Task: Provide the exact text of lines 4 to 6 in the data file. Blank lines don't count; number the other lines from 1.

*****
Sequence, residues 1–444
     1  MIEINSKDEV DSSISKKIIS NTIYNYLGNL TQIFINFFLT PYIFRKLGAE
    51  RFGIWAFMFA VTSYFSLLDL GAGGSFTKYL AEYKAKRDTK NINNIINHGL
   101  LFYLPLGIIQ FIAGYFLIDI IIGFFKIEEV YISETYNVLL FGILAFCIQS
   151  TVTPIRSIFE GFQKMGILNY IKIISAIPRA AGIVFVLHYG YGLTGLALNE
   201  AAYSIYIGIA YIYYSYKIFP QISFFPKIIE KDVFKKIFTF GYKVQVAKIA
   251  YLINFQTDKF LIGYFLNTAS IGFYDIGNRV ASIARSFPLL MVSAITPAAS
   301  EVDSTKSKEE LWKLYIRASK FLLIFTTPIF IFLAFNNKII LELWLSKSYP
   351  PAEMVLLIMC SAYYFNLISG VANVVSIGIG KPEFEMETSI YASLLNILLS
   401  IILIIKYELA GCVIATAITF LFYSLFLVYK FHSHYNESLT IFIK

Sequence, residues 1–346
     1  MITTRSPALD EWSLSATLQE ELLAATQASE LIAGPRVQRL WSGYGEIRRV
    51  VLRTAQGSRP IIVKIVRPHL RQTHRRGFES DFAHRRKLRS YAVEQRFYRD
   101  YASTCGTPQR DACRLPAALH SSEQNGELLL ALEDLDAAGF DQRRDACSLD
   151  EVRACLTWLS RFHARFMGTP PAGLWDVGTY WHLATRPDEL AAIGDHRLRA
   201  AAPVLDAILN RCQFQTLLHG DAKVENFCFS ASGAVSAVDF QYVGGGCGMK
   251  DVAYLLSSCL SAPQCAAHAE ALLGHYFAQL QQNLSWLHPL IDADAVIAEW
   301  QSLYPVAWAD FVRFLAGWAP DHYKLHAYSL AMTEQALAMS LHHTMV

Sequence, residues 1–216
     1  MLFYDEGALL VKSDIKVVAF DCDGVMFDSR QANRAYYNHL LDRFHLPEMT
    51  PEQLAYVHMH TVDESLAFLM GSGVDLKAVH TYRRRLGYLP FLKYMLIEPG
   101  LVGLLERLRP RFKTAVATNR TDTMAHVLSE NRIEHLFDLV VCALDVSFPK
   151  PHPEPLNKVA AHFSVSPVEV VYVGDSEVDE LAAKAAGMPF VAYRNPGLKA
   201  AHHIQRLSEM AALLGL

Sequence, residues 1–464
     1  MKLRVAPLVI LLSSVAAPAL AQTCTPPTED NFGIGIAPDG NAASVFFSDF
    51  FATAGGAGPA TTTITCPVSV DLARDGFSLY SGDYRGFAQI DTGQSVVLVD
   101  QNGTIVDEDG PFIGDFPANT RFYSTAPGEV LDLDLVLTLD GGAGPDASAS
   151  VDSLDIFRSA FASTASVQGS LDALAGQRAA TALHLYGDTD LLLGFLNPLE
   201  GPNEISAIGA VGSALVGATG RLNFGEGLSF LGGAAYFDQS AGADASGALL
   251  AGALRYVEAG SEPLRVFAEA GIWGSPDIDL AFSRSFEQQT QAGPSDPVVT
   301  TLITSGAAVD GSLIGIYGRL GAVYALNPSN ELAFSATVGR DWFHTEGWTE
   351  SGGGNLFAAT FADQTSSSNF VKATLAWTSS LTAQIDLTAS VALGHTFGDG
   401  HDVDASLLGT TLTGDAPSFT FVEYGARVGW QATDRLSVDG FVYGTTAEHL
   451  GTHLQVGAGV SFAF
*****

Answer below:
   101  LFYLPLGIIQ FIAGYFLIDI IIGFFKIEEV YISETYNVLL FGILAFCIQS
   151  TVTPIRSIFE GFQKMGILNY IKIISAIPRA AGIVFVLHYG YGLTGLALNE
   201  AAYSIYIGIA YIYYSYKIFP QISFFPKIIE KDVFKKIFTF GYKVQVAKIA